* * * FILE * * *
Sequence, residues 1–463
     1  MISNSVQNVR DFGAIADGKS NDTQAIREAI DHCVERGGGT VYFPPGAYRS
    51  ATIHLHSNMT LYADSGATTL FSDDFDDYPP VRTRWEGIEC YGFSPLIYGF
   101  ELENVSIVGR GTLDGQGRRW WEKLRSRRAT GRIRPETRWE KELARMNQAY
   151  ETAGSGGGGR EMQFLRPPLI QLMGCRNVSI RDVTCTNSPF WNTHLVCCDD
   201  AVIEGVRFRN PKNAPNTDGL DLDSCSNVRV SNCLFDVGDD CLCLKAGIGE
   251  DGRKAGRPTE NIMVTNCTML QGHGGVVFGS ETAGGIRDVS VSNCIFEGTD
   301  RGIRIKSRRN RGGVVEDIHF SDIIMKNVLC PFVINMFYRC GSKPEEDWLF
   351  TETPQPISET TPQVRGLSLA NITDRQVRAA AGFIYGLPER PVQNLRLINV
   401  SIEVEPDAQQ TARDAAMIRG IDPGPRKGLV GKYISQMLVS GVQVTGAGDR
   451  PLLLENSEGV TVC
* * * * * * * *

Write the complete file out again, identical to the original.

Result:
Sequence, residues 1–463
     1  MISNSVQNVR DFGAIADGKS NDTQAIREAI DHCVERGGGT VYFPPGAYRS
    51  ATIHLHSNMT LYADSGATTL FSDDFDDYPP VRTRWEGIEC YGFSPLIYGF
   101  ELENVSIVGR GTLDGQGRRW WEKLRSRRAT GRIRPETRWE KELARMNQAY
   151  ETAGSGGGGR EMQFLRPPLI QLMGCRNVSI RDVTCTNSPF WNTHLVCCDD
   201  AVIEGVRFRN PKNAPNTDGL DLDSCSNVRV SNCLFDVGDD CLCLKAGIGE
   251  DGRKAGRPTE NIMVTNCTML QGHGGVVFGS ETAGGIRDVS VSNCIFEGTD
   301  RGIRIKSRRN RGGVVEDIHF SDIIMKNVLC PFVINMFYRC GSKPEEDWLF
   351  TETPQPISET TPQVRGLSLA NITDRQVRAA AGFIYGLPER PVQNLRLINV
   401  SIEVEPDAQQ TARDAAMIRG IDPGPRKGLV GKYISQMLVS GVQVTGAGDR
   451  PLLLENSEGV TVC